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India’s Crude Import Strategy to Benefit the Tanker Market

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An increase in ton-mile demand is to be expected from news mid-week, that India is looking to change its crude import strategy. In its latest weekly report, shipbroker Gibson commented on the matter that “India is in a unique position. The country will witness the largest increase in energy demand in the world over the next 20 years, with the potential for oil consumption to rise from 4 million b/d currently to 8.7 million b/d by 2040 according to the IEA. However, the pathway to this increased crude demand may not be a smooth one. The push to increase fuel efficiency, alternative fuels and electrification could limit oil demand growth by around 1 million b/d through to 2040. However, either way, India will experience a significant increase in overall crude oil demand. As outlined in our Weekly Report back in October, India has a large refining sector which increasingly is integrating petrochemical facilities. To keep pace with rising local demand, refinery capacity will need to be expanded. Such a project can be seen in the Paradip refinery expansion, where capacity will be increased from 15 mtpa to 25 mtpa, with many more similar projects needed to keep up with demand”.

According to Gibson, “to ensure that the country has sufficient crude supply, the Indian Strategic Petroleum Reserve Limited (ISPRL) has established a Strategic Petroleum Reserve (SPR). There are three reserves located at Vishakhapatnam, Mangaluru and Padur with a total capacity of 5.33 million tonnes (Mt), around 9.5 days of the country’s crude requirement. In addition, the Oil Market Companies (OMCs) in the country have storage facilities for crude oil and petroleum products for 64.5 days. This means that the total national capacity for storage of crude oil and petroleum products is currently around 74 days”.

The shipbroker added that “under a Phase II of the SPR programme, an investment of $1.6 billion will be required for additional storage capacity. Two sites have been earmarked, Chandikhol in Odisha (4.0 Mt) and Padur (2.5 Mt). The new capacity will add around 12 days of Indian crude oil requirements. India benefited from the historically low crude oil prices that occurred during the first half of 2020 in which it was able to purchase cheap oil to store in the SPR and in commercial inventories. India imports around 84% of its overall crude demand, with around 60% of that coming from the Middle East. However, recently the government has asked refiners to diversify their procurement of oil with a reduced focus on Middle Eastern exporters. This comes at a time when oil prices have soared, in part as a result that OPEC+ has decided to extend most of the output curbs through to April. To act on the new government directive, the country’s top refiner Indian Oil Corp (IOC) has renewed its oil import contract with Russia. The country also hopes to resume Iranian oil imports during 2021, and will potentially return to Venezuelan supplies if sanctions are lifted. Further ahead, imports from the new crude producer Guyana are expected. This may displace some volume of supplies from two of the country’s largest current suppliers, Iraq and Saudi Arabia, which would ultimately support tonne mile demand”, Gibson said.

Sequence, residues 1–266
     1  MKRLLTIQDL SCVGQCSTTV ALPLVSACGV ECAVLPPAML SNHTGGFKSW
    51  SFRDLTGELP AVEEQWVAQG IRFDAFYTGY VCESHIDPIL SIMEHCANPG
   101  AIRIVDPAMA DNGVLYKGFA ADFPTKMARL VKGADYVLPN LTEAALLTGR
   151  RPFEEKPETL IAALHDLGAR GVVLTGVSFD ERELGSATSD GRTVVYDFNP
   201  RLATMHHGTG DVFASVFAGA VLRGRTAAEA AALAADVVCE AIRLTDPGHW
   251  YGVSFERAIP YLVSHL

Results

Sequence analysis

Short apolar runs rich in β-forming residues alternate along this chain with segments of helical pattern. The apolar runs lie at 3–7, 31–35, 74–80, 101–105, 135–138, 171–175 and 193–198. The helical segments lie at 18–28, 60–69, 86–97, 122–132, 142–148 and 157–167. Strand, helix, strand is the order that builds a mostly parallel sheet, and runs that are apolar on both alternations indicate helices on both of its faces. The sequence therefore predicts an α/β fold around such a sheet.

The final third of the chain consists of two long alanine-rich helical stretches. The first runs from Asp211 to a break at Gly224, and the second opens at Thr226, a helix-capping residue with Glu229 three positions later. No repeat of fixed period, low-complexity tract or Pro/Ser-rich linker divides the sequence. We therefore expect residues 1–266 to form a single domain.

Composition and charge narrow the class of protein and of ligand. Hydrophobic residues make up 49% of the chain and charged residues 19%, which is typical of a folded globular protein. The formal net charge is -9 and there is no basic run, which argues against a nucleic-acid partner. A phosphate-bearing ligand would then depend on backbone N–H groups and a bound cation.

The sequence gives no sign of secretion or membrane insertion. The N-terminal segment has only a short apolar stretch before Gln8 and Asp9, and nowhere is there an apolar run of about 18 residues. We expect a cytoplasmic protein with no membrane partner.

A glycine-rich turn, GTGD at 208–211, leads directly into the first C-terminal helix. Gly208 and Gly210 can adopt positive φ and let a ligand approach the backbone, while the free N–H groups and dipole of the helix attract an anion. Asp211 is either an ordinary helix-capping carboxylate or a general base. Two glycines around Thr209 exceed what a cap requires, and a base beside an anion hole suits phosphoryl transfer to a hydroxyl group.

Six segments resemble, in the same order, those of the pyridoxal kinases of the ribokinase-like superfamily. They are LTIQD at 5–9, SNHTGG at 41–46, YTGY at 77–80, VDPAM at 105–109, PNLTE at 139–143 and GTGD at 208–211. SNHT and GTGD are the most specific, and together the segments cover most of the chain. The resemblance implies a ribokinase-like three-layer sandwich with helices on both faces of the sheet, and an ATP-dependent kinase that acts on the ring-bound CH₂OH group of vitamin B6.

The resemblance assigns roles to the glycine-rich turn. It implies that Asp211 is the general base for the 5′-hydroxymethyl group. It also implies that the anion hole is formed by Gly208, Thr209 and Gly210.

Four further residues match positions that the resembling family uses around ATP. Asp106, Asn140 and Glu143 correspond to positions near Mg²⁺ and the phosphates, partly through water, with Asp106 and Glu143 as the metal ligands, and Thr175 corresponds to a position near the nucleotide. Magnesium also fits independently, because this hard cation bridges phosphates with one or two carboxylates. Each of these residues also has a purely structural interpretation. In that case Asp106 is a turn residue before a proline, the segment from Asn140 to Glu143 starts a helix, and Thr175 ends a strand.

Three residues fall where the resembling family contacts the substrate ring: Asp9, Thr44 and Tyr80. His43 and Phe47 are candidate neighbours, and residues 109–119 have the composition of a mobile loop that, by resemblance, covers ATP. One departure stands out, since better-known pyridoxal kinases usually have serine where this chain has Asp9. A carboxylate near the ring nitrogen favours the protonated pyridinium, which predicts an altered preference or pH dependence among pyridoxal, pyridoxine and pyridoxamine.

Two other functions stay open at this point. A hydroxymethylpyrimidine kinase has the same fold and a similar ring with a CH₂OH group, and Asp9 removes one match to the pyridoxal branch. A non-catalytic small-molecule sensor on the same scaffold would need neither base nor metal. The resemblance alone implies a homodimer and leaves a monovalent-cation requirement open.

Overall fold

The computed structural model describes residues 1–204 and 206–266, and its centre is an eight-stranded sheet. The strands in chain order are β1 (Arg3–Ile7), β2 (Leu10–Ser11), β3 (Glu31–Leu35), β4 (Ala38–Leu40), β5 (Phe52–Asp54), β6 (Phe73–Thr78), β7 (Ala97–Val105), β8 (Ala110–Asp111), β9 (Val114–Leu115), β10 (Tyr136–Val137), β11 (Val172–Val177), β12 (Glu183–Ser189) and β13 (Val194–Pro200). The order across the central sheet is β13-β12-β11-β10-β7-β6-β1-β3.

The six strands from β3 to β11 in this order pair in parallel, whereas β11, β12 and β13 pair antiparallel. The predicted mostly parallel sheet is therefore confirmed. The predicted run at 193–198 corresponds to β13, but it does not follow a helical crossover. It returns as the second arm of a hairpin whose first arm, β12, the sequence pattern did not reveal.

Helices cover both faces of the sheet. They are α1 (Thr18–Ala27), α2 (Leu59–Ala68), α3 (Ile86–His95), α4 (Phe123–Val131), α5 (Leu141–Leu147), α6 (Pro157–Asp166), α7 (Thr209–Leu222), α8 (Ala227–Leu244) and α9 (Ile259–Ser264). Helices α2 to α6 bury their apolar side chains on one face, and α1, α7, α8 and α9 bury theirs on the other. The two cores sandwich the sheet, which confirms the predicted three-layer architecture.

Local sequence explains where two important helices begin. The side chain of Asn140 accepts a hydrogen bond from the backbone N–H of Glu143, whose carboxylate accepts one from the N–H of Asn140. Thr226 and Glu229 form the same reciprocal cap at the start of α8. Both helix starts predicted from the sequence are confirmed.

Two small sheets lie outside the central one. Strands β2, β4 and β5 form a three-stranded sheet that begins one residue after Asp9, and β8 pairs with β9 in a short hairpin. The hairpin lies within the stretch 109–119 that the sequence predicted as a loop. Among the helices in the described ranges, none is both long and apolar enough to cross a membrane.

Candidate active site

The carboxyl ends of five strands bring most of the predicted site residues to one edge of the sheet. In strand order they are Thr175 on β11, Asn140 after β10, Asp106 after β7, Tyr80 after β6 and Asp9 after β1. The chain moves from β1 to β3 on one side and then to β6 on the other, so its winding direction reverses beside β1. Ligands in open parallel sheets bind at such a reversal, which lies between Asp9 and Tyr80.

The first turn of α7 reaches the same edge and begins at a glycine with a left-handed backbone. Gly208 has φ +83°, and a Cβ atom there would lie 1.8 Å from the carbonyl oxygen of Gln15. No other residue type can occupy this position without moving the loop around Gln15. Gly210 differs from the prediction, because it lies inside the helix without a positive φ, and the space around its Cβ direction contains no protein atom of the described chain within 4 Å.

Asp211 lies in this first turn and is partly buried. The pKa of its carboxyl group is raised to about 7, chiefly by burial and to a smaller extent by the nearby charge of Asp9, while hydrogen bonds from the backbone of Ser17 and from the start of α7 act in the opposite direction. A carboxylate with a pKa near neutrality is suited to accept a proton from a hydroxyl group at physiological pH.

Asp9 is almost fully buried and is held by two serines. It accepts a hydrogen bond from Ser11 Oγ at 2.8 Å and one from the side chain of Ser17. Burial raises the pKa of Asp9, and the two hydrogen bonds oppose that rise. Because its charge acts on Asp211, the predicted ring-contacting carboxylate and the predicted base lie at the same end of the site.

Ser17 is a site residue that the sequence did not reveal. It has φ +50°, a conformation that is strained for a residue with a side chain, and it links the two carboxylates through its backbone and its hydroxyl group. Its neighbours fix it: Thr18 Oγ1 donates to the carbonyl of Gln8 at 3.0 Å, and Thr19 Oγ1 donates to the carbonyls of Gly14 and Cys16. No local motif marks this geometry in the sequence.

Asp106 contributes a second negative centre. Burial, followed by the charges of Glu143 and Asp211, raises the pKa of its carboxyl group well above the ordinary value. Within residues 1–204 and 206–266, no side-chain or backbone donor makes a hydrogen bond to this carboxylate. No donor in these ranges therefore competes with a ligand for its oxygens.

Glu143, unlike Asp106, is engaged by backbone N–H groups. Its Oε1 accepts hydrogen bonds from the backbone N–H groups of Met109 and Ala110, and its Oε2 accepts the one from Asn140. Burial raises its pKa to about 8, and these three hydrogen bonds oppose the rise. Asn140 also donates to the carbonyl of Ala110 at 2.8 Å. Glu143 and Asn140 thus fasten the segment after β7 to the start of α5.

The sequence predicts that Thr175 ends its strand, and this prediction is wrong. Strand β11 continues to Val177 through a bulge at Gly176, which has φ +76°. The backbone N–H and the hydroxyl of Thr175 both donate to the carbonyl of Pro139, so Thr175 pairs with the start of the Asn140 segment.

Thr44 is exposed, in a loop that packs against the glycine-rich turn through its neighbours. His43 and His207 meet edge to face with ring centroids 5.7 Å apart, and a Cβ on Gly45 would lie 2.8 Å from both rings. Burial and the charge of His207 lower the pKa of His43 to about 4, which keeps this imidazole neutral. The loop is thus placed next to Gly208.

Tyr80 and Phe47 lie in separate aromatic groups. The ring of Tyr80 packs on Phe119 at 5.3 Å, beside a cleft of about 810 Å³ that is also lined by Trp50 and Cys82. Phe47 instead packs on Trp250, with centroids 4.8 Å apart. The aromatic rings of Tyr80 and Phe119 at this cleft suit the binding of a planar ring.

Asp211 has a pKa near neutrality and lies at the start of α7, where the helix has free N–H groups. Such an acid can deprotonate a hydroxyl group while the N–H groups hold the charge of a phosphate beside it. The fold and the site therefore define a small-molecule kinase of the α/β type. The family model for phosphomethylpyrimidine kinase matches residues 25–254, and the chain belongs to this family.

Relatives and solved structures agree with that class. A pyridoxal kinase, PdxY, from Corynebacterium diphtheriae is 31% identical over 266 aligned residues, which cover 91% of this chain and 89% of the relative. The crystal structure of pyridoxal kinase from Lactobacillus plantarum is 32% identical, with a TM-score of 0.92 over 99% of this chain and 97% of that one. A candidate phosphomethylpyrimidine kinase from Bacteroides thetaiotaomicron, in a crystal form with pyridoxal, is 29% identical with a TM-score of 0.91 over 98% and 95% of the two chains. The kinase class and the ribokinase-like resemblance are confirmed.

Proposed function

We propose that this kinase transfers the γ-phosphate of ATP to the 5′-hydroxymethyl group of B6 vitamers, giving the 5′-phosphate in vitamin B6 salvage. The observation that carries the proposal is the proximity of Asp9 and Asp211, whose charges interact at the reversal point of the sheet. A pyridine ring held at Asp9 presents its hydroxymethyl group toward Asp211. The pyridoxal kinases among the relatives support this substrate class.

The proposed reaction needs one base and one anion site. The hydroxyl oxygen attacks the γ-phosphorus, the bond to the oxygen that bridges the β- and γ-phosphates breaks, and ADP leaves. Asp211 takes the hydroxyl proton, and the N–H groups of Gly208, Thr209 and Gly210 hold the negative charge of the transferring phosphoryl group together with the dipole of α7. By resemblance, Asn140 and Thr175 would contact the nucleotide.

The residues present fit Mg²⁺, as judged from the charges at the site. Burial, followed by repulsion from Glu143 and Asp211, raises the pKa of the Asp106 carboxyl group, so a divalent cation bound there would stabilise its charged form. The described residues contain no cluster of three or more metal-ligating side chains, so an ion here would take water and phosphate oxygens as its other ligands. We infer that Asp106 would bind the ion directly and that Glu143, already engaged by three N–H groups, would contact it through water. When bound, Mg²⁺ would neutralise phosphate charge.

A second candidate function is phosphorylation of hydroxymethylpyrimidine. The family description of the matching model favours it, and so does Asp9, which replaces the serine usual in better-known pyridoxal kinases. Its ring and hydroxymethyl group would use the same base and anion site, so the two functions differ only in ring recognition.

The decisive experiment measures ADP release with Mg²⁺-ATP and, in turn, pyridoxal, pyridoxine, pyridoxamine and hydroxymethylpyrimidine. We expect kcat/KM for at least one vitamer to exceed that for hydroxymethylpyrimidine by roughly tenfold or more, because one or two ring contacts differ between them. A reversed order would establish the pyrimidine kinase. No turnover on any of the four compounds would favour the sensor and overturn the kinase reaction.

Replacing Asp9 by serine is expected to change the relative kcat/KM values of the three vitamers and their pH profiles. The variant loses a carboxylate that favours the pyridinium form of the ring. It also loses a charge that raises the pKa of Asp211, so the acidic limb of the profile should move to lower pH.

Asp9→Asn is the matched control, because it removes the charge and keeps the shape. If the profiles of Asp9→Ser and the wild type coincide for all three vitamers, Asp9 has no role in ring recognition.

“The combination of rising demand and refining capacity indicate growing trade flows to the country both short, medium and long term, meanwhile a drive by the government to diversify imports will only further boost tonne miles. Where exactly from and in what volumes these incremental barrels are sourced remains to be seen, but undoubtedly this will be a closely watched development, from both oil producers and tanker owners”, Gibson concluded.

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